Answer :
Using the
letters in the diagram below, they argue that if you make the distance
BA one-third of BC, and therefore the area of the rectangle ABE equal
to that of the triangular remainder, the card must hang with the long
side horizontal.

Area is one thing,
but gravitation is quite
another.

The fact of that triangle sticking its leg out to D has to be
compensated for by additional area in the rectangle.

As a matter of
fact, the ratio of BA to AC is as 1 is to the square root of 3, which
latter cannot be given in an exact numerical measure, but is
approximately 1.732.

Now let us look at the correct general solution.

There are many ways of arriving at the desired result, but the one I
give is, I think, the simplest for beginners.

Fix your card on a
piece of paper and draw the
equilateral triangle BCF, BF and CF being equal to BC.

Also mark off
the point G so that DG shall equal DC. Draw the line CG and produce it
until it cuts the line BF in H.

If we now make HA parallel to BE, then
A is the point from which our cut must be made to the corner D, as
indicated by the dotted line.

A curious point in
connection with this problem is
the fact that the position of the point A is independent of the side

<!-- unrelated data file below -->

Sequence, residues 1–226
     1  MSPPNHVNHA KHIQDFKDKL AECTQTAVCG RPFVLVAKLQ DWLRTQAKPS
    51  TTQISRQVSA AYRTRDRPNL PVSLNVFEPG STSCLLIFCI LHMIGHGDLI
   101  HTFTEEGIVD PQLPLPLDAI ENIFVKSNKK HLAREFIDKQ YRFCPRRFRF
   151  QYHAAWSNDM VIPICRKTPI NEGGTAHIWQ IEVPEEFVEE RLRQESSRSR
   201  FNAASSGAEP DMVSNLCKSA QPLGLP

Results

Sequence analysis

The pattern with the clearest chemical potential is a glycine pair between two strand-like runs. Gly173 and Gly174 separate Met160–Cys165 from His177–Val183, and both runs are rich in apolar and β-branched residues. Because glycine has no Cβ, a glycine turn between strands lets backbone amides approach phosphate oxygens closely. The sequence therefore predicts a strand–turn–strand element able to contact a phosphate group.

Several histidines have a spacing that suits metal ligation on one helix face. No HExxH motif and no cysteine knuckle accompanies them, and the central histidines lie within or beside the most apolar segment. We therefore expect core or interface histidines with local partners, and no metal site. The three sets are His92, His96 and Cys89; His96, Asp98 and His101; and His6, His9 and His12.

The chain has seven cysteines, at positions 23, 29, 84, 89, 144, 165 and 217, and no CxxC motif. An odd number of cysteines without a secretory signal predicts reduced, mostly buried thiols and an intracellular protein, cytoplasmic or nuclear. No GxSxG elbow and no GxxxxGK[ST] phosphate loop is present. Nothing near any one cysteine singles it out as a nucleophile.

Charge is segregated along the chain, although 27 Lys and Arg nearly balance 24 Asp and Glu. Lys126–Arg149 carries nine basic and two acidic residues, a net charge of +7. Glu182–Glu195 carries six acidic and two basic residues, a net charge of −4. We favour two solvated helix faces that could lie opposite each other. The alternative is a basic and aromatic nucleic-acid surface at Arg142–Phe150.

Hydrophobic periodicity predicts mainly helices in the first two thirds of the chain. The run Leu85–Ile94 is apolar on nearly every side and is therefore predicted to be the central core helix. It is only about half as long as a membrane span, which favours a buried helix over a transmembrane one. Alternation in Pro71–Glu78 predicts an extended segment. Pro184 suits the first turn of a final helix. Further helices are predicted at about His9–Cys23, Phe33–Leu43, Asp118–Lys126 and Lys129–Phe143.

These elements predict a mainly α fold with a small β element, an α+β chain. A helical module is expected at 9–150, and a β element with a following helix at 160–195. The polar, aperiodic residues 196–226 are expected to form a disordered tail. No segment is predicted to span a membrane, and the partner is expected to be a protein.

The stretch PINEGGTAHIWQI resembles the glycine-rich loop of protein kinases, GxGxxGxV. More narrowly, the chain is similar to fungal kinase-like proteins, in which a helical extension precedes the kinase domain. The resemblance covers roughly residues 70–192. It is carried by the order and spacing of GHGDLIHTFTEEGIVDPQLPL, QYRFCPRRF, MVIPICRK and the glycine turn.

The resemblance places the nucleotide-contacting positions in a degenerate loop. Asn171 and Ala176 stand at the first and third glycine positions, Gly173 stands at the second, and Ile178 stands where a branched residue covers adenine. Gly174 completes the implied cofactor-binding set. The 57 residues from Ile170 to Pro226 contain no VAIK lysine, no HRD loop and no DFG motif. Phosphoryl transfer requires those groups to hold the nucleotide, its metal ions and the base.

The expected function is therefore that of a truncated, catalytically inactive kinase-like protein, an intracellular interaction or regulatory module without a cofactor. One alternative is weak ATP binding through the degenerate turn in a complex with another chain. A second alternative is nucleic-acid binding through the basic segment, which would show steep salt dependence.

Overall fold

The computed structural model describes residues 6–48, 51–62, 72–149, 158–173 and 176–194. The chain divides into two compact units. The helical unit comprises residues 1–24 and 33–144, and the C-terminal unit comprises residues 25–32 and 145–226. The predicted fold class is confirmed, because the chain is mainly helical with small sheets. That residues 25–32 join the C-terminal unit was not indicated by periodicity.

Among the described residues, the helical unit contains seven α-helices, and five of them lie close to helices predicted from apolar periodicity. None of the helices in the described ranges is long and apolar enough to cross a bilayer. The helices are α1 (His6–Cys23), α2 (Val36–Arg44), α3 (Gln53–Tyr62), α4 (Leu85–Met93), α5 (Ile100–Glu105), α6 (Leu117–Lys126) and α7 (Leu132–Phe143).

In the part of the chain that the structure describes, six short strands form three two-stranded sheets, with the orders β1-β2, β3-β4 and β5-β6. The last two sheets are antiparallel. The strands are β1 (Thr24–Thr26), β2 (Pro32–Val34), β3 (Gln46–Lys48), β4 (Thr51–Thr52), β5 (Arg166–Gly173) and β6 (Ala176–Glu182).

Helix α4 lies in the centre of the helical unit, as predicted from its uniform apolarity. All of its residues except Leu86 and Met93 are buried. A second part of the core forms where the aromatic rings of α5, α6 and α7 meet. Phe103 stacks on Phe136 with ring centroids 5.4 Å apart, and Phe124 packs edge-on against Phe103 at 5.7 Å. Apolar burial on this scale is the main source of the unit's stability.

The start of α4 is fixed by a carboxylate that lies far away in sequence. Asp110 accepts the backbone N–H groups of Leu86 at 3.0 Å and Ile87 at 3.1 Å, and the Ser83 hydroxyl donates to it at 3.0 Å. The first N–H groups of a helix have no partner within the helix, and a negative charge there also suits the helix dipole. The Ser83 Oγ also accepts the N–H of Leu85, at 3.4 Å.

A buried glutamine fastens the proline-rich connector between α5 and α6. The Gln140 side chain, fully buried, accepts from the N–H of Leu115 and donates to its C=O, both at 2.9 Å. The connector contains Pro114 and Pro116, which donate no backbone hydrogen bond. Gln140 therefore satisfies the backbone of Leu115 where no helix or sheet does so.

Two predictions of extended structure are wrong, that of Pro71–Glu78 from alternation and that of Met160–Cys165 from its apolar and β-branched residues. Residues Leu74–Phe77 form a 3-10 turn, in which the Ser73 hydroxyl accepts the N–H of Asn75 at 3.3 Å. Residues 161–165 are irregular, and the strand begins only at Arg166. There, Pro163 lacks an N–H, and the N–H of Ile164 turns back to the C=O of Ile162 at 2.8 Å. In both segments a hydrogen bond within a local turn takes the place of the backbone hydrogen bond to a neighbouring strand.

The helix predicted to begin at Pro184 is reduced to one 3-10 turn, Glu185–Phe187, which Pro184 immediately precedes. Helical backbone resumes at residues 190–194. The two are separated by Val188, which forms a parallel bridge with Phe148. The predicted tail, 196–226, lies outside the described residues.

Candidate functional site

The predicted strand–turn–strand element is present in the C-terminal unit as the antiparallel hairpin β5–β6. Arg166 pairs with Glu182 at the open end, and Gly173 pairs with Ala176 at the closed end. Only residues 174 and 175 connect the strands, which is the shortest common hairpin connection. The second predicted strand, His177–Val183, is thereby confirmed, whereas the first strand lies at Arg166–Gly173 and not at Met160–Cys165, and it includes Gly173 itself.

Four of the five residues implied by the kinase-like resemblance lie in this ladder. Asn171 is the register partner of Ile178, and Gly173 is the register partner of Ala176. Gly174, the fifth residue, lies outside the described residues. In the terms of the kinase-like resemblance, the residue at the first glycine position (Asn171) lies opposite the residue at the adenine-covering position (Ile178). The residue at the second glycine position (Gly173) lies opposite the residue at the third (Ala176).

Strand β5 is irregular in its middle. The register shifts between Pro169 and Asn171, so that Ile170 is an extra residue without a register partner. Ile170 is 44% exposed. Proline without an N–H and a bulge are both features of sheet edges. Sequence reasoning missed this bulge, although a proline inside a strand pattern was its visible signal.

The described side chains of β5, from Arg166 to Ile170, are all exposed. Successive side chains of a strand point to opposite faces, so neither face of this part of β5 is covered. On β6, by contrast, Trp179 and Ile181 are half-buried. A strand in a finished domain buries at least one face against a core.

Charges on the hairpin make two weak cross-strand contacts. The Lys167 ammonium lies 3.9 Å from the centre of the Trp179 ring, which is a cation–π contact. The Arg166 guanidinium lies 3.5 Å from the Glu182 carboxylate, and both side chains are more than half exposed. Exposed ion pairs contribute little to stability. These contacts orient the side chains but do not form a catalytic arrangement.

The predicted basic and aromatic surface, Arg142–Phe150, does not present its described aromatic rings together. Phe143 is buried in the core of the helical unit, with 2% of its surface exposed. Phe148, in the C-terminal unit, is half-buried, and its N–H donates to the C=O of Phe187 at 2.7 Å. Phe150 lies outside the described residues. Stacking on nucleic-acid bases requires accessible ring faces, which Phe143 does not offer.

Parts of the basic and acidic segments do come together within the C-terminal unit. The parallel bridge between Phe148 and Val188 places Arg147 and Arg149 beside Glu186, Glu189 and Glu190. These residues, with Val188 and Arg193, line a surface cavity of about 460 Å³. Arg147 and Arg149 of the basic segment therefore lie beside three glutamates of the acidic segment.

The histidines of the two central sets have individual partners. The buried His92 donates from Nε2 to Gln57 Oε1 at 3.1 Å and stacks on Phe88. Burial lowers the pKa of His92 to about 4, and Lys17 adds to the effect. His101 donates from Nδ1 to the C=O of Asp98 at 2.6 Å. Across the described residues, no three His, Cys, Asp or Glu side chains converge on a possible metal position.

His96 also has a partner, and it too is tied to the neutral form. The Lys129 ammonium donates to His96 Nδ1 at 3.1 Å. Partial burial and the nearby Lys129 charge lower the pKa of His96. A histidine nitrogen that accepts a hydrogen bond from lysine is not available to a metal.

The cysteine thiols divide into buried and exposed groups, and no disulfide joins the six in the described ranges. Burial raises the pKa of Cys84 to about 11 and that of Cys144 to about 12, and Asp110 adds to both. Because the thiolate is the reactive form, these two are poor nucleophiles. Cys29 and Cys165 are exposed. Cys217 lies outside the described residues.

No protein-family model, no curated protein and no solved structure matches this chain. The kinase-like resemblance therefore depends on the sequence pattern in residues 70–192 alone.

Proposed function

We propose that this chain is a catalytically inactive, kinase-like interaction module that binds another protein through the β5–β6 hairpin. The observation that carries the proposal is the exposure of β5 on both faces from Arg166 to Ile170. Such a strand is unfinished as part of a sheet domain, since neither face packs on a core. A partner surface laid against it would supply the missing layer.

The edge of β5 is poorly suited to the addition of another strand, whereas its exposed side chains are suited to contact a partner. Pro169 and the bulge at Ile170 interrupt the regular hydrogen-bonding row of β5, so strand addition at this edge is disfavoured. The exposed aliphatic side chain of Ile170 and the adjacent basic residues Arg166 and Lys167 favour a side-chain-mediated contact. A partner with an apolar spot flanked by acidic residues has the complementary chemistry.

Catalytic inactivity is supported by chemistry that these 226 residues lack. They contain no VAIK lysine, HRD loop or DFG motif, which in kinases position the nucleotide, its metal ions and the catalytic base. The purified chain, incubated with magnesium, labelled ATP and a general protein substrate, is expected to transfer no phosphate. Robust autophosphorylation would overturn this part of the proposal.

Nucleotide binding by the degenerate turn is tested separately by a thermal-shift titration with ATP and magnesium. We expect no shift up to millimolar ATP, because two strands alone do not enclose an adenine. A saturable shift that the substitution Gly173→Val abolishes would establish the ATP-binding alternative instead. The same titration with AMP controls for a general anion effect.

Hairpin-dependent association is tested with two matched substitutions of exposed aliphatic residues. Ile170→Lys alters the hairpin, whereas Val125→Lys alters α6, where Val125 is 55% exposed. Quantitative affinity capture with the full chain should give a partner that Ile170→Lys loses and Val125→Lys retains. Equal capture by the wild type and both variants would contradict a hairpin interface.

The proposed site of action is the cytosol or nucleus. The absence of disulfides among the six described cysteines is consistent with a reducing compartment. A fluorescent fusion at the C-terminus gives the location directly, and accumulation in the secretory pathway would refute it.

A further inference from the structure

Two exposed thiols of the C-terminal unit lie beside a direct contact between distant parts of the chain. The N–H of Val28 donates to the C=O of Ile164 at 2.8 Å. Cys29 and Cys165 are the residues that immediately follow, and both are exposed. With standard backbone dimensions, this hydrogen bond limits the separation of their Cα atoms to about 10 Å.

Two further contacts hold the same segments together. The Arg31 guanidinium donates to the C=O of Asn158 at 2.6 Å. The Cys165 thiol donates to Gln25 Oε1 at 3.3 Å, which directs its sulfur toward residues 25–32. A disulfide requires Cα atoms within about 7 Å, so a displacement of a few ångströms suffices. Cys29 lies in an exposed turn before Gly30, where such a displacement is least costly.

CD.

The reason for this is more obvious in the solution I have given
than in any other method that I have seen, and (although the problem
may be solved with all the working on the cardboard) that is partly why
I have preferred it.

It will be seen at once that however much you may
reduce the width of the card by bringing E nearer to B and D nearer to
C, the line CG, being the diagonal of a square, will always lie in the
same direction, and will cut BF in H.

Finally, if you wish to get an
approximate measure for the distance BA, all you have to do is to
multiply the length of the card by the decimal .366.

Thus, if the card
were 7 inches long, we get
7 × .366 = 2.562, or a
little more than 2½ inches, for the distance from B to A.

But the real joke
of the puzzle is this: We have
seen that the position of the point A is independent of the width of
the card, and depends entirely on the length.

Now, in the illustration
it will be found that both cards have the same length; consequently all
the little maid had to do was to lay the clipped card on top of the
other one and mark off the point A at precisely the same distance from
the top left-hand corner!